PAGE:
Teaching respiratory device technique to pharmacy students: people vs technology
Sinthia Bosnic-Anticevich, Faculty of Pharmacy, Building A15, Science Road, University of Sydney, Camperdown, NSW 2006, Australia. email@example.com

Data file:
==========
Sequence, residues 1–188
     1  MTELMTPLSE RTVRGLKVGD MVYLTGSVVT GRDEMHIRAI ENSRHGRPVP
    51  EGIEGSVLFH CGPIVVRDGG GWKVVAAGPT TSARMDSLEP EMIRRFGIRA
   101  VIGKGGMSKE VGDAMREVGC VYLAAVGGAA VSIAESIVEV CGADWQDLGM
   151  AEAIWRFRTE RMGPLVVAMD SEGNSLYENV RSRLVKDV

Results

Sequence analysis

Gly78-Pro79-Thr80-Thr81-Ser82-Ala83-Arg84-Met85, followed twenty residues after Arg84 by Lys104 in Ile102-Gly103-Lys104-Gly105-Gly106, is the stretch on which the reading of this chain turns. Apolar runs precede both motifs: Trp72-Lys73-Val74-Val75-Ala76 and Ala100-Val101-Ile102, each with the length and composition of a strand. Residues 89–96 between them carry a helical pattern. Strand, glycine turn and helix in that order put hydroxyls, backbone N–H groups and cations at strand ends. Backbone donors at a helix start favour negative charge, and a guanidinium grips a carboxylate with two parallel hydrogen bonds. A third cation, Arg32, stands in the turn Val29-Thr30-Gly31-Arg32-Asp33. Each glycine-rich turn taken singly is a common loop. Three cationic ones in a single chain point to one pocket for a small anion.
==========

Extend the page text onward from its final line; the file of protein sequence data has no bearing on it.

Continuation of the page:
Training pharmacists to be good educators, utilizing a variety of techniques is very important, especially when it comes to education involving devices and medication administration techniques. One of the most common situations in which pharmacists need to train patients on device technique is in the management of asthma. It is well established that patients have difficulty in learning and maintaining correct technique when it comes to the use of respiratory devices (Basheti, et al., 2005). Unfortunately, patients are often unaware of their inability to use these devices correctly and health care professionals, including pharmacists, rarely educate or review the use of these devices with patients (Basheti, et al. 2005; Chopra, et al., 2002; Kesten, et al., 1993). Research has shown that the most effective way of educating patients in correct device technique is through physical demonstration and verbal instruction (Lee-Wong & Mayo, 2003). Hence, pharmacists need to know how to use these devices themselves. Currently, second year undergraduate Bachelor of Pharmacy students at the University of Sydney are taught inhaler device technique in a respiratory tutorial as part of their Pharmacy Practice course. Training undergraduate students in this is quite time consuming thereby compromising the time available to cover more complex respiratory topics. More efficient and effective educational techniques need to be explored, including web-based technology.